Shanteya Hudson, Public News Service
Disposable vapes are posing a growing environmental threat in Georgia and across the country, according to a new report.
The U.S. Public Interest Research Group Education Fund revealed nearly five disposable vape products are discarded every second in the U.S. They are vaping devices which come already filled with liquid and cannot be reloaded.
Lucas Gutterman, campaign director for the group, said they are calling for stopping the sale of the products, due to their lack of recyclability and negative environmental impact.
“They have lithium-ion batteries that can’t be put in most e-waste take-back programs,” Gutterman explained. “The DEA which does take back most vapes, won’t take back won’t take back these disposable ones because you can’t remove the battery.”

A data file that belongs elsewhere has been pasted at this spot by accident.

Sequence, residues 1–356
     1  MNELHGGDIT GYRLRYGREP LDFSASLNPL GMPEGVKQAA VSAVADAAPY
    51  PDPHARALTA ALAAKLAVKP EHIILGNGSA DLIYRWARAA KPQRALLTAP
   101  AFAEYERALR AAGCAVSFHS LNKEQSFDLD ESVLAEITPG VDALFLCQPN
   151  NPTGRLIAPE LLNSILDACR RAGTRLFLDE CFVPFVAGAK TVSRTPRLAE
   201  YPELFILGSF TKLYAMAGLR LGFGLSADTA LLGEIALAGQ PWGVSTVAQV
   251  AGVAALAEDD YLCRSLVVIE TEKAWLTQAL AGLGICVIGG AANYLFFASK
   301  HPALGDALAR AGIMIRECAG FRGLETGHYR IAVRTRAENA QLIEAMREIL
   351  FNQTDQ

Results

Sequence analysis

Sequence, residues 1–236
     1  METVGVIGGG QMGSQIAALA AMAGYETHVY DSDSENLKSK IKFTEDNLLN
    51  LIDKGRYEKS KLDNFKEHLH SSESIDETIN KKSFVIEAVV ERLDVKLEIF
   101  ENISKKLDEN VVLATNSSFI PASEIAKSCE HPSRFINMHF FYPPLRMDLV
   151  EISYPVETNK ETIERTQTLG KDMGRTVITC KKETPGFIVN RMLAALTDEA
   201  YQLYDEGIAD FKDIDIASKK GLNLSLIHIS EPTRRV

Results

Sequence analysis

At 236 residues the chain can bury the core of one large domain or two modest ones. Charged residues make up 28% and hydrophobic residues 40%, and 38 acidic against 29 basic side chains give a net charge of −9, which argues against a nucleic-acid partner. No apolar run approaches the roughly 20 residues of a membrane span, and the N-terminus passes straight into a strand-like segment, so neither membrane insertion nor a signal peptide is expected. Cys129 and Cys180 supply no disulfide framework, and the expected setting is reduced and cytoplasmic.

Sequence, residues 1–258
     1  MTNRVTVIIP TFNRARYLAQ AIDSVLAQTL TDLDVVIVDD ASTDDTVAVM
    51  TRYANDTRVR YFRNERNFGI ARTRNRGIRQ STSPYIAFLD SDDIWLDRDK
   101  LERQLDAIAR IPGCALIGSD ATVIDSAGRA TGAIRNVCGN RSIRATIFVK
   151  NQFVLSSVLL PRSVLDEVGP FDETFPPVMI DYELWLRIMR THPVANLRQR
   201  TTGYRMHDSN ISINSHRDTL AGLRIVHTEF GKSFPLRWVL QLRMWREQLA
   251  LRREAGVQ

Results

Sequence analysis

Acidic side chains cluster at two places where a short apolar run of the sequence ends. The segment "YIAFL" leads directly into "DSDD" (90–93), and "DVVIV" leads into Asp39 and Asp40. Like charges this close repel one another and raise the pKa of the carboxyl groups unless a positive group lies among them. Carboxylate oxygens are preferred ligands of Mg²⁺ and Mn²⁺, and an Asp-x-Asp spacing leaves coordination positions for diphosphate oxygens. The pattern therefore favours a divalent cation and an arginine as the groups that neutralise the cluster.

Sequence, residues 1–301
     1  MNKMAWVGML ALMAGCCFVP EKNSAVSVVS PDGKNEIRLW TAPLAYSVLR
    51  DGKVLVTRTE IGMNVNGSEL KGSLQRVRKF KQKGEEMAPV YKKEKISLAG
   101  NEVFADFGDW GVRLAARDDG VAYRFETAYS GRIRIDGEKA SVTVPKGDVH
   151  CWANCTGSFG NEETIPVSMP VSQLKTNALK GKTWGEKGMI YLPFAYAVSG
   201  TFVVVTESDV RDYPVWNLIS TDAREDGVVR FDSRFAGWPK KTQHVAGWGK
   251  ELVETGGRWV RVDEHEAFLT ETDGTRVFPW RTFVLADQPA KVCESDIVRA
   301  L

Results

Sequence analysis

The report said the Environmental Protection Agency also considers them hazardous waste due to the nicotine e-liquid they contain, even after disposal.
Gutterman emphasized advocates of tightening the rules are now looking to larger retailers to take responsibility.
“Big national chains like 7 Eleven, BP, Exxon and Chevron, all of them have had locations that are selling these unauthorized disposable vapes,” Gutterman outlined. “They should do more to make that sure all of their locations are following the law, not selling these products and holding local stores accountable.”
He added the rechargeable batteries in the disposable vapes sold each year consist of more than 23 tons of lithium. He noted if the lithium was not used for vapes, it could be used to create batteries for more than 26,000 electric vehicles.
This article originally appeared on Public News Service and is republished here under a Creative Commons license.